The following story is based on The Legend of the Blacksmith - The Blacksmith who Slew the Griffin. This legend was brought to my attention by Michelle Garcia-Cobbett (@M_Cobbett71) on Twitter. Many thanks, Michelle.
John Houghton, the blacksmith of Farnworth, was hard at work in his forge when he heard yells and screams coming from outside. He removed his heavy gloves and rushed out into the grass outside to see what was going on.
The farmer who owned the lands just outside John's forge had taken off his hat and thrown it to the ground. John approached just as he made to drive the heel of his boot into the top of his hat.
"What's the matter?" John asked, his thick apron still swinging around his neck.
"It's that damn griffin again," the farmer replied through clenched teeth. He's taken another of my cattle. He swoops in and carries them off like they're light as a feather. And this time in broad daylight! I'll have no livestock left if the damn beast keeps this up."
John thought for a moment. "The griffin just flies overhead and carries the cattle away?" he asked. "He doesn't kill them first?"
"That's right," the farmer agreed. "Just holds them in those big talons he's got and flies off with them."
"Maybe I can help, farmer," John offered.
"You think?" the farmer asked, stooping over to retrieve his hat. "The missus sure would be grateful to you. She's getting awfully worried about our livelihood."
"I'll certainly try." John promised.
The following day John went out in the field where the cattle were grazing. "Now farmer, I need you to take your cattle away from here," he instructed.
Once the farmer and his dog had herded all the cattle back towards the barn, John dressed himself in the skin of a cow. With the hide wrapped around his body, he sat and waited.
Finally John heard the sound of flapping wings overhead. When he glanced up into the sky, he was shocked to see that the griffin was still very far away. What powerful wings the creature must have for John to hear their rustling at such a distance. John trembled with fear.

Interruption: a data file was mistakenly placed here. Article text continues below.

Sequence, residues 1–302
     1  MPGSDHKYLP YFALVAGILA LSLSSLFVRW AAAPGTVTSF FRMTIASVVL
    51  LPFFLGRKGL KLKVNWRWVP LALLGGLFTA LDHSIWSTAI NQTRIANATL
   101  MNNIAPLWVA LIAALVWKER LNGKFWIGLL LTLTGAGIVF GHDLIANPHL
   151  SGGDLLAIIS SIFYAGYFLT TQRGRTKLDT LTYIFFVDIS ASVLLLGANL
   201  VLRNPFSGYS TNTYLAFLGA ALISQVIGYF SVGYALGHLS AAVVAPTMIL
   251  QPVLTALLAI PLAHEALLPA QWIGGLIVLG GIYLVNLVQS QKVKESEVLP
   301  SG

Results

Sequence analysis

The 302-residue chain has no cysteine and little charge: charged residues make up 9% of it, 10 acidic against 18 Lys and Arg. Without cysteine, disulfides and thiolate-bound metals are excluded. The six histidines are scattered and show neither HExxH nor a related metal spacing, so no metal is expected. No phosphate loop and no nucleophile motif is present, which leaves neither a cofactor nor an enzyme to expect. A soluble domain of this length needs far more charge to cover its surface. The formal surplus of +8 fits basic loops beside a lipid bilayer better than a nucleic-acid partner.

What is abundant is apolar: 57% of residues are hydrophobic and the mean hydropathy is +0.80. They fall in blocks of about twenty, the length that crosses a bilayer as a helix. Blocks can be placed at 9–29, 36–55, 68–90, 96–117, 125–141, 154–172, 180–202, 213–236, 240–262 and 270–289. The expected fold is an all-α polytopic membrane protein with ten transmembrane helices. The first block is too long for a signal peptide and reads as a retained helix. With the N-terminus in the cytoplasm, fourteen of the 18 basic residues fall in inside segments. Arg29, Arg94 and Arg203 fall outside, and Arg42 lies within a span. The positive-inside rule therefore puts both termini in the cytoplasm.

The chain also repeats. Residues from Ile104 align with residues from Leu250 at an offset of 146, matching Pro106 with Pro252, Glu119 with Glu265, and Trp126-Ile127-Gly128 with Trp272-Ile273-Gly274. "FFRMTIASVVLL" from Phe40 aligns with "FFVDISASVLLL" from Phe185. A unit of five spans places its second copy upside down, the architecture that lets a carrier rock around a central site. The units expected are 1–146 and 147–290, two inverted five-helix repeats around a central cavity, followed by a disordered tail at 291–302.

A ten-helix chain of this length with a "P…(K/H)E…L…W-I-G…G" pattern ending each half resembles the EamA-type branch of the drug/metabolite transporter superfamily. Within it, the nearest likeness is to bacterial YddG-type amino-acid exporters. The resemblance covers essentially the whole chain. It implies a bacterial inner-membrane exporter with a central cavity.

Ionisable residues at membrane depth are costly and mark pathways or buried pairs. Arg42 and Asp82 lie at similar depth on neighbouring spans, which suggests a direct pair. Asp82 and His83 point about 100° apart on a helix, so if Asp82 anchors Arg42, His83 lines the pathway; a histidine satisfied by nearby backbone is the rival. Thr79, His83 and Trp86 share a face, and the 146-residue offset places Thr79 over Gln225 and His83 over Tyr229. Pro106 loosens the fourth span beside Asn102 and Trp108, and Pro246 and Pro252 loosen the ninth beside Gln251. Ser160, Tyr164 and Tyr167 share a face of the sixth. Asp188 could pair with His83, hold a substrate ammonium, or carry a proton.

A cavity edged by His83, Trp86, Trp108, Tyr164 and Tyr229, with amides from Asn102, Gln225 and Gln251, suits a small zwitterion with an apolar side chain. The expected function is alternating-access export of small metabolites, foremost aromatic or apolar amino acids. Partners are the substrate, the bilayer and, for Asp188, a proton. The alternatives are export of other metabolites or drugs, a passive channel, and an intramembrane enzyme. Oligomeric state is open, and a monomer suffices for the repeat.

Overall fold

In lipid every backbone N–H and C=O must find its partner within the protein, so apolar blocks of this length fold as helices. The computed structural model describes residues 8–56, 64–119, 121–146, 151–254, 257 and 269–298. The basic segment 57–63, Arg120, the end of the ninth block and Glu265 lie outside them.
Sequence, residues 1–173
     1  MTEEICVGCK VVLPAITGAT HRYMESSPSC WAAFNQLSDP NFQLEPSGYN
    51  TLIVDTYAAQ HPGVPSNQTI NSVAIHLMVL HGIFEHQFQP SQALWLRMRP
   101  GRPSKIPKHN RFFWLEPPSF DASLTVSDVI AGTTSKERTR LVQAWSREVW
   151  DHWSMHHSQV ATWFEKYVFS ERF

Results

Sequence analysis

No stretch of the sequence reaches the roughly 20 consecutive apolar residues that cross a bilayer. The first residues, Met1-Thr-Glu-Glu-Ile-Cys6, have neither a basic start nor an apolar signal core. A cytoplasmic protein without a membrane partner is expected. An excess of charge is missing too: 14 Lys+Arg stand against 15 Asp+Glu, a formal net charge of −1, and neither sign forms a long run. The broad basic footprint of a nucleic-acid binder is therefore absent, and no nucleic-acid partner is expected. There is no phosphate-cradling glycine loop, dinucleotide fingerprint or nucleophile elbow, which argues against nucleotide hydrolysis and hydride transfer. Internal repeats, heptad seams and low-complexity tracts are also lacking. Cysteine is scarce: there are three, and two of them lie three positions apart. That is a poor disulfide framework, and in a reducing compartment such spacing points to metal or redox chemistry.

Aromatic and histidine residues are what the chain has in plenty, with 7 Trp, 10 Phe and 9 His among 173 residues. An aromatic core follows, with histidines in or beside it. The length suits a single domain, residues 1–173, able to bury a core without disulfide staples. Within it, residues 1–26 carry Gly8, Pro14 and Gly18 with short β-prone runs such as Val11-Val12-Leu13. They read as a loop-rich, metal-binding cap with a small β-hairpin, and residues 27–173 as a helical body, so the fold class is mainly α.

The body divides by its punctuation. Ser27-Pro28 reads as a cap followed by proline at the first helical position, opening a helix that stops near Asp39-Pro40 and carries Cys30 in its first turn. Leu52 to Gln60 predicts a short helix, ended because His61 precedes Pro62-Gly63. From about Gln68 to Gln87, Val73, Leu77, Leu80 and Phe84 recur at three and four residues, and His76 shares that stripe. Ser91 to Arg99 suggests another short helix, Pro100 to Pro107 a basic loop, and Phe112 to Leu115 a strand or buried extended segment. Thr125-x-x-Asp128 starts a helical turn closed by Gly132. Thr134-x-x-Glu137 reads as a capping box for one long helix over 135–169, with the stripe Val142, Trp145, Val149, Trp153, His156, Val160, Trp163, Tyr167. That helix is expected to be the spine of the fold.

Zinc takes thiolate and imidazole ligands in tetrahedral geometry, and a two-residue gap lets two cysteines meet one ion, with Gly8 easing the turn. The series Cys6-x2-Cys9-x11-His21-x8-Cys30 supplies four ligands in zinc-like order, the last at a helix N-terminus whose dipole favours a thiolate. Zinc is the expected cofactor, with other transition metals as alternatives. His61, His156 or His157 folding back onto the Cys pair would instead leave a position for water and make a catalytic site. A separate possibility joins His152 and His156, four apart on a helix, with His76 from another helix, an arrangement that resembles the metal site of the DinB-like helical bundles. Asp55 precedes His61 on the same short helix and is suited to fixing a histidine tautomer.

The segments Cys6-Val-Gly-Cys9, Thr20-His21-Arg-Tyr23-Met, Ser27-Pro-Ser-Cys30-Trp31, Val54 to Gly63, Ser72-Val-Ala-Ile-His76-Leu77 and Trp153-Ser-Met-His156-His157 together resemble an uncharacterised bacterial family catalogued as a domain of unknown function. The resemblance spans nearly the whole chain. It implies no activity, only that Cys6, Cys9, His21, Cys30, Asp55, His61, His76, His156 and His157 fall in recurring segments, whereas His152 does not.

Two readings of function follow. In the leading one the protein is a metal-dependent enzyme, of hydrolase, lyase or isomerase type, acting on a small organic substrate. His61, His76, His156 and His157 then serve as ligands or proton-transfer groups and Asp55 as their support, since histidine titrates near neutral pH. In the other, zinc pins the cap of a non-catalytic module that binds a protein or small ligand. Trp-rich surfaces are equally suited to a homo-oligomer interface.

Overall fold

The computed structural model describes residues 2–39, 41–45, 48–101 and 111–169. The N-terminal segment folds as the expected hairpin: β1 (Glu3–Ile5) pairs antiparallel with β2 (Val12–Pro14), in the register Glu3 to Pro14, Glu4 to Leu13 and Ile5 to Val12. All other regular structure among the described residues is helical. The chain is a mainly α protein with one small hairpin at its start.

John didn't dare to look up at the griffin again as he was afraid he would lose his nerve. He sat quietly, looking at his hands. Suddenly there was a deep cry just above his head and John felt the creature's sharp talons wrap around the animal skin. With ease the griffin lifted John and cowhide into the air and began to fly away from the field.
John looked down as the griffin flew. He saw the farmer and his wife watching from outside their farm house, the farmer's hands placed protectively on his wife's shoulders. As John watched them they got smaller and smaller and the ground got farther away.
The griffin flew, never hesitating or showing any sign of becoming fatigued. Despite both his thick feathers and luscious fur, the griffin never seemed to get too hot under the midday sun. He flew along almost leisurely, letting a great cry escape his beak every once in a while.
Finally the griffin reached his destination and released John from his talons. John felt himself falling and barely had time to look down as the rocks came up quick beneath him. He crashed into them, his shoulder, still wrapped in cowhide, taking most of the impact. He felt the sharp pain run through his arm.
John could still hear the great wings flapping above him. The griffin cried out as he made a wide turn and circled back around to kill John.
With his good arm, John drew his sword from beneath the cowhide. As the griffin dove at him, John raised the sword. The griffin cried out once more as John's sword plunged into the feathers on his chest. He had been flying toward John with too much momentum to stop short and he drove the sword deep into his breast.
The griffin barely had the chance to fly away from John before crashing into the rocks. John retrieved his sword and shook off the animal hide before making his way back to Farnworth.
Upon John's return, the people of Farnworth had a wonderful celebration to thank John for ridding the town of the creature that had been terrorizing them. John was awarded as much land as he could ride around in a night. These lands were then called the lands of Bold and John became known as John de Bold, the slayer of the griffin.
Melissa Marie Keeping